ICA  Vol.4 No.3 , August 2013
Design and Analysis of a Sliding Table Controller for Diabetes
ABSTRACT

A discrete insulin infusion based on long-time interval measurement is the classic technique for diabetes treatment. Nevertheless, in this research, a closed-loop control system was proposed for continuous drug infusion to overcome the drawbacks of these typical discrete methods and develop more practical diabetes therapy systems. A blood glucose-insulin system was implemented relying on continuous insulin injection model. Based on this model, two controllers were designed to deal with the control dilemma of the resulting highly nonlinear plant. The controllers designed in this paper are: proportional integral derivative (PID), and sliding table controllers. Simulation results have shown that the sliding table controller can outperform the PID controller even with severe circumstances of disturbance in glucose, such as exercise, delay or noise in glucose sensor and nutrition mixed meal absorption at meal times.


Cite this paper
A. Sasi and M. Elmalki, "Design and Analysis of a Sliding Table Controller for Diabetes," Intelligent Control and Automation, Vol. 4 No. 3, 2013, pp. 301-308. doi: 10.4236/ica.2013.43035.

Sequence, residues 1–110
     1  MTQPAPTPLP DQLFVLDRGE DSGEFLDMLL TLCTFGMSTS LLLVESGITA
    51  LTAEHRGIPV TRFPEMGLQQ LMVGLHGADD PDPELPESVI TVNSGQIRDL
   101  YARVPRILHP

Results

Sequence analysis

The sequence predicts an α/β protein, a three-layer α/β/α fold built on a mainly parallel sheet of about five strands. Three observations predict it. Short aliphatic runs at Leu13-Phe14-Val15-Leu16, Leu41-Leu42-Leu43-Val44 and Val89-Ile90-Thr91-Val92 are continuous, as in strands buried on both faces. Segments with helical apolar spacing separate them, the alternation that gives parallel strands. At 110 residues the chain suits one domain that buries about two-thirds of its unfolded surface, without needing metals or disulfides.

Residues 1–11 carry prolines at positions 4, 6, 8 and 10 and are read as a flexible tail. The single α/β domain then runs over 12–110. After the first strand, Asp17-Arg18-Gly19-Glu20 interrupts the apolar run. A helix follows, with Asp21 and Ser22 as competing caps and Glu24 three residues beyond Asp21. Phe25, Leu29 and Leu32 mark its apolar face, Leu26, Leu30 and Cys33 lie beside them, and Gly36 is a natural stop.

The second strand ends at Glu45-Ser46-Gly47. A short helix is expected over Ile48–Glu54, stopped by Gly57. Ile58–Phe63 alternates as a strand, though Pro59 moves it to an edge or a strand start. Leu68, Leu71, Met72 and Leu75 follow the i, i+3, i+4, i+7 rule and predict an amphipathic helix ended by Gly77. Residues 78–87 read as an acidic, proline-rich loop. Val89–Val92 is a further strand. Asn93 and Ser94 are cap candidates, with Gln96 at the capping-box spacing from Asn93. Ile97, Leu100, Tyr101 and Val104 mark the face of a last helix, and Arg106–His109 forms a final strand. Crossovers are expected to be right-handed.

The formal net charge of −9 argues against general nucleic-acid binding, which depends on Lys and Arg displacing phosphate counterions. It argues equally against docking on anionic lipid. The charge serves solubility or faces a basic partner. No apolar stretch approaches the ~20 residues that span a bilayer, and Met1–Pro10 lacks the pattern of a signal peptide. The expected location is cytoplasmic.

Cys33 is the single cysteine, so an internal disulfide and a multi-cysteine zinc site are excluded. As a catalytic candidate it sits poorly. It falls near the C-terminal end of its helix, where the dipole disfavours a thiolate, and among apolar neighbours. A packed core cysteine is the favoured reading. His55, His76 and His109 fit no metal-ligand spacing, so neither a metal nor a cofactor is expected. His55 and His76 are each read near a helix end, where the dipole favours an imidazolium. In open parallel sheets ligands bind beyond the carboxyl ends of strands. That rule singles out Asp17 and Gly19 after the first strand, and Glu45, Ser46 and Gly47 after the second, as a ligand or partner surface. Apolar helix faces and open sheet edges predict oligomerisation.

References
[1]   A. Roy, “Dynamic Modeling of Free Fatty Acid, Glucose, and Insulin during Rest and Exercise in Insulin Depend ent Diabetes Mellitus Patients,” University of Pittsburgh, Pittsburgh, 2008.

[2]   E. S. Berger, “Modelling Diabetes to Achieve Closed Loop Control of Glucose Levels: A Literature Review,” Penn State Great Valley, School of Graduate Professional Studies, Malvern, 2007.

[3]   J. Chen, K. Cao, Y. Sun, Y. Xiao and X. Su, “Continuous Drug Infusion for Diabetes Therapy: A Closed-Loop Con trol System Design,” Eurasip Journal on Wireless Com munications and Networking, Vol. 2008, No. 44, 2008, Article ID: 495185.

[4]   L. Kardar, A. Fallah, S. Gharibzadeh and F. Moztarzadeh, “Application of Fuzzy Logic Controller for Intensive In sulin Therapy in Type 1 Diabetic Mellitus Patients by Sub cutaneous Route,” WSEAS Transactions on Systems and Control, Vol. 3, No. 9, 2008, pp. 712-721.

[5]   E. D. Lehman and T. Deutsch, “The Physiological Model of Glucose-Insulin Interaction in T1DM,” Journal of Biomedical Engineering, Vol. 14, No. 3, 1992, pp. 235-242. doi:10.1016/0141-5425(92)90058-S

[6]   E. Berger, “Modeling Diabetes to Achieve Closed-Loop Control of Glucose Levels: A Literature Review,” Penn sylvania State University, Pennsylvania, 2007.

[7]   E. Friis, “Modeling and Simulation of Glucose-Insulin Metabolism,” Technical University of Denmark, Kongens Lyngby, 2007.

[8]   C. Frederick and F. Tyrone, “Closed-Loop Control of Blood Glucose,” Springer Verlag Berlin Heidelberg, Ber lin, 2007.

 
 
Top